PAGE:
The classical hybrid rocket propulsion possess a number of very attractive features. Its advantages over solid and liquid propulsion technologies can be summarised as follows [2]:

•  Operating issues. Engine throttling and shutdown are significantly simplified by this technology. Throttling is achieved by liquid flow rate modulation, which is considerably simpler in this case compared to a liquid rocket engine where two liquid streams have to be synchronised. Termination is accomplished by cutting of the liquid flow rate. This opens possibility of quick and robust abort procedure.

•  Safety. The solid fuel is inert, therefore it can be manufactured, transported and handled safely. In addition, because an intimate mixture of oxidizer and fuel is not possible, it is non-explosive.

•  Cost. Operational costs are obviously of great importance. In this regard hybrid systems benefit from simplified manufacturing procedures, due to their inherent safety. Consequently, fabrication (and therefore operation) costs are reduced.

•  Choice of fuel. A wide range of easily available solid fuels can be used, giving wider design flexibility compared to liquid or solid motors. Combustion performance of solid fuel is also more reliable since in a hybrid mode it is not sensitive to fuel-grain cracks.

As for the disadvantages, the major of them areas follows [2]:

•  Combustion efficiency is lower compared to liquid or solid engines, due to non-premixed nature of combustion.

•  Low regression rate. This is a major obstacle for a wide use of Hybrid Rocket Engines. Essentially non-energetic nature of fuels gives rise to requirement of very high regression rates, in order to achieve required thrust. In practice it leads to necessity to use multiple ports, and other modifications that complicates design.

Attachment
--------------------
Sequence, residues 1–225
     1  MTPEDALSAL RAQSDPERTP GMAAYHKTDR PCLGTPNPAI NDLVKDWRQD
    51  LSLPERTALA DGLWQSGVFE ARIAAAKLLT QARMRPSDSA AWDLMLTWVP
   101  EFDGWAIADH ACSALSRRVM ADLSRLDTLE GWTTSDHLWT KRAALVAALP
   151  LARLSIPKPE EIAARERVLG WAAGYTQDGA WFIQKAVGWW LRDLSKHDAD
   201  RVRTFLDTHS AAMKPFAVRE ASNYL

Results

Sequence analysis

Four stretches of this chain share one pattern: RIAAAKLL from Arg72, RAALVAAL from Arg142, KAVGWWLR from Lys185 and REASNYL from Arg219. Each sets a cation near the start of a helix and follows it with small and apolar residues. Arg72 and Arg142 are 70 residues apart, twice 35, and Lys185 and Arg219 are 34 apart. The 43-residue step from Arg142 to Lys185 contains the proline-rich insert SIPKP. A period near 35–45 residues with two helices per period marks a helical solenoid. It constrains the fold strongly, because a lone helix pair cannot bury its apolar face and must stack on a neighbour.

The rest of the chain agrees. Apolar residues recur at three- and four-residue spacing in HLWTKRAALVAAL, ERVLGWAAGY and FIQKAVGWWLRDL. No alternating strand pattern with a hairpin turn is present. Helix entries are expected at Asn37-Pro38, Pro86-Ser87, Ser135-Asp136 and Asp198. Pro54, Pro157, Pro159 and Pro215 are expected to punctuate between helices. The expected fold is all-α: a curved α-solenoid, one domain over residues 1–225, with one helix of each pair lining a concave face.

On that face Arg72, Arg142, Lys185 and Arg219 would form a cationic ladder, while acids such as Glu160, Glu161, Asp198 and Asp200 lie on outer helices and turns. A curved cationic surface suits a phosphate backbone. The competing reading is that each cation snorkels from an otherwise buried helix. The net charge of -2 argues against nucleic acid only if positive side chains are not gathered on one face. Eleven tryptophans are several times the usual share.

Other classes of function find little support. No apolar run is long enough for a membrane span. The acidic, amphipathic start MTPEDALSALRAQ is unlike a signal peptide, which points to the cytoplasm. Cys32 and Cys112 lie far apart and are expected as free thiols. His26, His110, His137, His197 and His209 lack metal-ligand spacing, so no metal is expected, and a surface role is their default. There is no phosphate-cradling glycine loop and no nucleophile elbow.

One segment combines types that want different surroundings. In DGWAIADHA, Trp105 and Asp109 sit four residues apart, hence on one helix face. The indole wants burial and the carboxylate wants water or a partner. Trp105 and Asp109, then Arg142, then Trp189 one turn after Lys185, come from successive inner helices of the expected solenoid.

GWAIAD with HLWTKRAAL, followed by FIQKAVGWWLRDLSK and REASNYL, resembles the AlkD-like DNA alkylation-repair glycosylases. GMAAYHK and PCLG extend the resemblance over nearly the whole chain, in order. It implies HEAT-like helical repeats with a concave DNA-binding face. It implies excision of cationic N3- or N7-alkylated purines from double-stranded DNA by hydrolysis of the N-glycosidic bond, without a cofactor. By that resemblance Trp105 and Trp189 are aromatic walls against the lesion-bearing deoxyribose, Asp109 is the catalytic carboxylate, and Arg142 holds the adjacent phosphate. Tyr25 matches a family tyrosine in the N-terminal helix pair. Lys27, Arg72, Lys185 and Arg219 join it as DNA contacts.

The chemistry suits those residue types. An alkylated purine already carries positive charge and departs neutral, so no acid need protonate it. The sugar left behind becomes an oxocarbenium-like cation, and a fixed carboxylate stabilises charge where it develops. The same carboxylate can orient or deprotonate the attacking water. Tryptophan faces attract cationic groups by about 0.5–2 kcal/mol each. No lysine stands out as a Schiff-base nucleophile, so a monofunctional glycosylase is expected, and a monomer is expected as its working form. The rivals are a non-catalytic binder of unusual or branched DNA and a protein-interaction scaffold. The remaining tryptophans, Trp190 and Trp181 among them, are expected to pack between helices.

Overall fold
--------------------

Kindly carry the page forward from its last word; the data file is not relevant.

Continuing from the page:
•  Ignition transient and thrust response to throttling is slower than in solid or liquid motors.

Despite the above-mentioned shortcomings, hybrid propulsion technology enjoys quite versatile application potential. They include, but are not limited to, for example, sounding rockets, auxiliary power units, tactical rockets, space engines, thrust augmentation, and large launch boosters. In particular, research on Hybrid Propulsion Engines is concentrated within several research clusters around the world [2].

As indicated, enhancement of regression rates is a primary obstacle for wide spread of technology. Consequently, significant research efforts are currently concentrated in this area.

Further progress requires, first of all, advanced understanding of combustion properties of various polymeric fuels, and potential ways of their modification. Secondly, regression rates and overall Hybrid Engine performance are determined by the global dynamics of combustion process in the engine. This process also has to be understood quite well. Computational Fluid Dynamics (CFD) modelling becomes increasingly important tool for such understanding [2]. The challenge of predicting combustion process in Hybrid Engine (Figure 1) from the first principles is quite challenging.

Figure 1. Schematic of the combustion process in a Hybrid Rocket Engine

According to the above considerations, the purpose of this paper is to discuss properties of polymeric fuels, relevant to their implementation in hybrid propulsion. The paper is arranged in the following manner: fundamentals of polymer combustion are discussed as follows.